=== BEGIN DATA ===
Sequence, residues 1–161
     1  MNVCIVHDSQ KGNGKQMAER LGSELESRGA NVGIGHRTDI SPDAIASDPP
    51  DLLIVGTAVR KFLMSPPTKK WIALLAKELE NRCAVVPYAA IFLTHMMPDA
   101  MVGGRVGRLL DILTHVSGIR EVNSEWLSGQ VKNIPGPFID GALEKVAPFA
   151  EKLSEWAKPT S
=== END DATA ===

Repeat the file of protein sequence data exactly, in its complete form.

Sequence, residues 1–161
     1  MNVCIVHDSQ KGNGKQMAER LGSELESRGA NVGIGHRTDI SPDAIASDPP
    51  DLLIVGTAVR KFLMSPPTKK WIALLAKELE NRCAVVPYAA IFLTHMMPDA
   101  MVGGRVGRLL DILTHVSGIR EVNSEWLSGQ VKNIPGPFID GALEKVAPFA
   151  EKLSEWAKPT S